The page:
Revolutions in American Music

Revolutions in American Music: Three Decades That Changed a Country and Its Sounds
English | February 20, 2024 | ASIN: B0CVSFPH5G | MP3@64 kbps | 13h 35m | 384.93 MB

Author: Michael Broyles
Narrator: John McLain

How did a European social dance craze become part of an American presidential election? Why did the recording industry become racially divided? Where did rock ‘n’ roll really come from? And how do all these things continue to reverberate in today’s world?

In Revolutions in American Music, award-winning author Michael Broyles shows the surprising ways in which three key decades—the 1840s, the 1920s, and the 1950s—shaped America’s musical future. Drawing connections between new styles of music like the minstrel show, jazz, and rock ‘n’ roll, and emerging technologies like the locomotive, the first music recordings, and the transistor radio, Broyles argues that these decades fundamentally remade our cultural landscape in enduring ways. These connections revealed racial fault lines running through the business of music, in an echo of American society as a whole.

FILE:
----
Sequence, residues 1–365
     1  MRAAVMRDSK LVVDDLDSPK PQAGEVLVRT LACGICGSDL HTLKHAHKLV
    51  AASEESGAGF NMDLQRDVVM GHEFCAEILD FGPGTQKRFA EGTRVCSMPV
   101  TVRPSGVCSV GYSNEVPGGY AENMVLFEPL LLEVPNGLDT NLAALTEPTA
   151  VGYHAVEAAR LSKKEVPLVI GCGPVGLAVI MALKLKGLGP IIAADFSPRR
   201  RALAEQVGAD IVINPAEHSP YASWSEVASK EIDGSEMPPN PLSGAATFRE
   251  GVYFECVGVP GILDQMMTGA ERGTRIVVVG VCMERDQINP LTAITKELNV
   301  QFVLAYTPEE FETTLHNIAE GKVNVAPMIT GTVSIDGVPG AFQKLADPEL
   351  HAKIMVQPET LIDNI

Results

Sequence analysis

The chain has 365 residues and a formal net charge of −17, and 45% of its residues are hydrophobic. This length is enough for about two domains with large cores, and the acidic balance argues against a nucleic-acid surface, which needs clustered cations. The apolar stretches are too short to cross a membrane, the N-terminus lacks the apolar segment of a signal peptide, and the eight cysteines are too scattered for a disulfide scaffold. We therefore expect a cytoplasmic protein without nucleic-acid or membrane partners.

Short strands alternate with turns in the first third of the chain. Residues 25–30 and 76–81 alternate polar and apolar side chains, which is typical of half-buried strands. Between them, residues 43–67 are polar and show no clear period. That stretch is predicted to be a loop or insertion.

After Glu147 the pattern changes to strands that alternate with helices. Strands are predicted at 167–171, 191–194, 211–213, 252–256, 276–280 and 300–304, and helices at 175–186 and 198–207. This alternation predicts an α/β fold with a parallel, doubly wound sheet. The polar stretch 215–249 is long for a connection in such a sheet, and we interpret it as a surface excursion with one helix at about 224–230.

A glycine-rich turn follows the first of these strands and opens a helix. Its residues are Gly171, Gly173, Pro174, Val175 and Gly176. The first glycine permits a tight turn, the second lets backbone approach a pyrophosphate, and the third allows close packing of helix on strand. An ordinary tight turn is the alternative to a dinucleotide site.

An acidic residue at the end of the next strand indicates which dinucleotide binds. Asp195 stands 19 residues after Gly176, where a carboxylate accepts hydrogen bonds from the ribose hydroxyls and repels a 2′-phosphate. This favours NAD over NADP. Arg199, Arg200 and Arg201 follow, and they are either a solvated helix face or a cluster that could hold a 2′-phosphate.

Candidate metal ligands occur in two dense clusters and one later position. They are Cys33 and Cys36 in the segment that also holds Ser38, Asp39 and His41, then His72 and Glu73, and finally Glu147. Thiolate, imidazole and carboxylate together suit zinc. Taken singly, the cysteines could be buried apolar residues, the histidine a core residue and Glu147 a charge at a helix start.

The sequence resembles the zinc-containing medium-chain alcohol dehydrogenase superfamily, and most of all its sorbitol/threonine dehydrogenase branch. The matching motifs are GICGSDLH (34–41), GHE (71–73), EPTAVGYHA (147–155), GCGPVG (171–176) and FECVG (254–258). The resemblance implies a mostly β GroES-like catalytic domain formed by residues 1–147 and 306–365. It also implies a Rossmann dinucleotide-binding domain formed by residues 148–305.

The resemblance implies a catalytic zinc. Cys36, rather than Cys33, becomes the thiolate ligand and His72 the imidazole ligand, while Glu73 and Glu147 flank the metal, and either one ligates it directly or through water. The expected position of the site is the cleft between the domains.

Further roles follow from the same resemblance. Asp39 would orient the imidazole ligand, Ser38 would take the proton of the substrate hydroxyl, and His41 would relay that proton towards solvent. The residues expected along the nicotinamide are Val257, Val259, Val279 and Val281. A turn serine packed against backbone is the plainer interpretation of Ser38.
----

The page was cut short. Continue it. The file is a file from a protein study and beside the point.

Broyles combines broad historical perspective with an eye for the telling detail and presents a variety of characters to serve as focal points, including the original Jim Crow, a colorful Hungarian dancing master named Gabriel de Korponay, “Empress of the Blues” Bessie Smith, and the singer Johnnie Ray, whom Tony Bennett called “the father of rock ‘n’ roll.” Their stories, and many others, animate Broyles’s masterly account of how American music became what it is today.

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